Switzerland: Mining, Minerals and Fuel Resources

Topics Covered

Welcome to Switzerland
Overview of Resources
Industrial Minerals and Gemstones
Fossil Fuels

Welcome to Switzerland

Switzerland is located in Central Europe with France to the west and Italy to the south. The total area of the country is 41,277 km2 with a population of 7,925,517 as of July 2012. The country has a temperate climate, which varies based on altitude.

The national flag of Switzerland.
Image Credit: CIA Factbook.

Switzerland has a wealthy modern market economy with a highly skilled labor force and a per capita GDP that is one of the highest in the world. Its GDP as of 2011 was $344.2 billion. The country is strongly committed to remaining a neutral entity and has not joined the European Union (EU).

Overview of Resources

Switzerland’s financial services and manufacturing sector play a major role in the country’s economy while the mining sector is not a very significant factor. Cement, gypsum, and lime were produced in the country in 2010.

The map of Switzerland. Image Credit: CIA Factbook


Novelis Switzerland S.A. was a leading producer of aluminum rolled products in the world and was the top producer of rolled products in Europe in 2010. The company produced about 19% of the flat-rolled aluminum products in the world. In the same year, Novelis made plans to invest $11.3 million in its aluminum plant at Sierre so as to meet the increasing demand for aluminum sheet.

In 2010, Schmelzmetall AG was the leading producer of copper-based high-performance alloys in the EU.

Although Switzerland does not mine gold, it houses many refineries, namely, Cendres+Métaux S.A. refinery at Biel-Bienne, Argor-Heraus S.A. refinery at Mendrisio, Valcambi S.A. refinery at Balerna, and Produits Artistiques de Métaux Précieux S.A. refinery at Castel San Pietro.

Switzerland relies on scrap steel as a significant source of raw material. Nearly 1 million Mt/yr of scrap steel was collected in 2010 via scrap processors, collection points, and traders.

Industrial Minerals and Gemstones

Holcim (Schweiz) AG was a top supplier of cement and the leading cement, gravel, and concrete producer in Switzerland in 2010. The company owns seven cement plants and grinding units with a production capacity of 4.3 Mt/yr. It also produces ready-mix concrete and asphalt.

In the same year, Saline de Bex S.A. (Selbex) was involved in extraction and production of salt, and produced about 30,000 t of salt in a year. The salt was used mainly for winter road maintenance. The remaining salt was divided among water treatment (6,000 t), human consumption (3 t) and animal feed (2.5 t) based on requirement.

Salt has been mined in Switzerland for centuries. The salt deposits at Bex were discovered in the 15th century and are mined even today.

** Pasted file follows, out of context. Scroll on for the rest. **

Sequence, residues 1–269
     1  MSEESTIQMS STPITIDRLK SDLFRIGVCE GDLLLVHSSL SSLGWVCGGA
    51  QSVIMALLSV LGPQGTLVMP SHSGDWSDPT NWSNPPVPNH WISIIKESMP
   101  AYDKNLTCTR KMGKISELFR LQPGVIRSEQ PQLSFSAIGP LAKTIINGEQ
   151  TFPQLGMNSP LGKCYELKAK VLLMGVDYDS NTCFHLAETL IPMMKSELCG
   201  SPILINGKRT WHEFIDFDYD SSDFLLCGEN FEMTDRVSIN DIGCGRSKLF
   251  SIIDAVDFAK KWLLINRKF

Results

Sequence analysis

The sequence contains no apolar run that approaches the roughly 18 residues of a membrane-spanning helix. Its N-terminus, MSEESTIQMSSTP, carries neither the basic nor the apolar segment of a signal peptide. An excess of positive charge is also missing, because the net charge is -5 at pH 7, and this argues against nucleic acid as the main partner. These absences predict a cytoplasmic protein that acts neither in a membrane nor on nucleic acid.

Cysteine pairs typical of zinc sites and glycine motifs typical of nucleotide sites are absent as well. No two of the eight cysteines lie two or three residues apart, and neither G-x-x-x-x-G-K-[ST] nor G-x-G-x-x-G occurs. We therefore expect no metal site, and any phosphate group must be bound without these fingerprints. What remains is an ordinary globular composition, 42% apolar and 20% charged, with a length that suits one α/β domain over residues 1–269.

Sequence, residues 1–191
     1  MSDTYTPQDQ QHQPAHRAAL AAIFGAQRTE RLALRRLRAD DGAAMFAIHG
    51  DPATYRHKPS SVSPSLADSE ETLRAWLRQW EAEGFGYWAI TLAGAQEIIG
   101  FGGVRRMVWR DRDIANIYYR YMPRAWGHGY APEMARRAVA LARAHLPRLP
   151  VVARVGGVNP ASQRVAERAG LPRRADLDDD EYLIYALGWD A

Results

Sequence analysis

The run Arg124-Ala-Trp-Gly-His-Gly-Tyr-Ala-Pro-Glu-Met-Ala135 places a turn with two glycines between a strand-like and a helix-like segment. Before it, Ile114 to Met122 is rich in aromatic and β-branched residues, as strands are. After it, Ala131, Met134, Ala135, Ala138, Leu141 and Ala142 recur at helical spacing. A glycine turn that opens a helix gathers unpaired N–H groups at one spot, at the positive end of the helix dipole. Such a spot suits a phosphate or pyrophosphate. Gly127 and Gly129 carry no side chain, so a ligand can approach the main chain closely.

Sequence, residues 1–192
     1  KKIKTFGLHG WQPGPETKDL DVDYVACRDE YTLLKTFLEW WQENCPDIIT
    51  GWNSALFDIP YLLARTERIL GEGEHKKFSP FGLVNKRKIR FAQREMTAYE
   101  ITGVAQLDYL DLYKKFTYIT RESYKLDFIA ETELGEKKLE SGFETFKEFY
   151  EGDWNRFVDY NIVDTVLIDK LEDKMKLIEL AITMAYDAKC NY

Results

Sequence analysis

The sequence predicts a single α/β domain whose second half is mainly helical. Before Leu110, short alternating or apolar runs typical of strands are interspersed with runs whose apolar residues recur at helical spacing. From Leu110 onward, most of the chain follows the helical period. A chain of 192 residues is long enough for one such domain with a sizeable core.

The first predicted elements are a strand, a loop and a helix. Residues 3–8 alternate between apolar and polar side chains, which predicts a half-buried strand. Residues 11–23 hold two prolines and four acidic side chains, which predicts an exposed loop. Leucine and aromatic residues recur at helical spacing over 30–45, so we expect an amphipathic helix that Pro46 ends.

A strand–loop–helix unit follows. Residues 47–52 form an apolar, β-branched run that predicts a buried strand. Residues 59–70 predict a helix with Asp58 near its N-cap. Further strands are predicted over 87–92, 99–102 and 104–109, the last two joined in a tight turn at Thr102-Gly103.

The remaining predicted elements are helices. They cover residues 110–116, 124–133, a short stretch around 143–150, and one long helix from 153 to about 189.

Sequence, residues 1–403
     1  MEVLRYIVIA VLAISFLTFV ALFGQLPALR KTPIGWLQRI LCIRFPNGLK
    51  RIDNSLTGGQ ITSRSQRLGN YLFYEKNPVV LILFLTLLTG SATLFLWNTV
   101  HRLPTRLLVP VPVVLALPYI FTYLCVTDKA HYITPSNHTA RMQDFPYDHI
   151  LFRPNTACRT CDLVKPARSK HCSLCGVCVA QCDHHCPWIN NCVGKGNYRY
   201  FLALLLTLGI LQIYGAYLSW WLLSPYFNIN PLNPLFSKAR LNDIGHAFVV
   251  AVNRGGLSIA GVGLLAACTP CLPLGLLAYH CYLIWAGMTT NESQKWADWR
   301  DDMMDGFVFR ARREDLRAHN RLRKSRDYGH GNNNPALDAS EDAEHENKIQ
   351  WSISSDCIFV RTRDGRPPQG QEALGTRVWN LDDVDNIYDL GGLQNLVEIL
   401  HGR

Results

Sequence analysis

Fossil Fuels

According to reports, Switzerland did not produce any natural gas in 2010. It mostly relied on imports to meet its energy requirements.

Tamoil (Suisse) S.A.’s Collombey petroleum refinery, which is located in the Canton of Valais, produced 2.7 Mt/yr of petroleum products.

The Cressier refinery owned by Petroplus Refining Cressier S.A. produced 68,000 barrels per day in 2010. The diesel and gasoline production from this refinery met the mandatory 10 parts per million (ppm) sulfur limit laid down by the EU.


Switzerland’s competitive and progressive economy can be attributed to factors such as low unemployment rate, economic and political stability, exceptional infrastructure, efficient capital markets, and a transparent legal system. However, the country’s mining industry is almost non-existent due to lack of resources that can be mined cost-effectively and its stringent sustainable mining policies that ban most metal mining activities.

Recently, gold had been discovered in the Medel Valley, but the villages in that region have voted in a referendum this April against any mining activity there due to environmental concerns. The Canadian company, NV Gold, that had planned to explore this reserve claims that the estimated worth of the gold would be about $1.2 billion and it had hoped to be the operators of Switzerland's first gold mine.

Switzerland’s mineral industry is likely to remain the same in the coming years with limited mining activities being carried out based on domestic demand. Experts also feel that the country is most likely to not pursue metal mining actively in the near future.

Disclaimer: The Author of this article does not imply any investment recommendation and some content is speculative in nature. The Author is not affiliated in any way with any companies mentioned and all statistical information is publically available.


Disclaimer: The views expressed here are those of the author expressed in their private capacity and do not necessarily represent the views of AZoM.com Limited T/A AZoNetwork the owner and operator of this website. This disclaimer forms part of the Terms and conditions of use of this website.

G.P. Thomas

Written by

G.P. Thomas

Gary graduated from the University of Manchester with a first-class honours degree in Geochemistry and a Masters in Earth Sciences. After working in the Australian mining industry, Gary decided to hang up his geology boots and turn his hand to writing. When he isn't developing topical and informative content, Gary can usually be found playing his beloved guitar, or watching Aston Villa FC snatch defeat from the jaws of victory.


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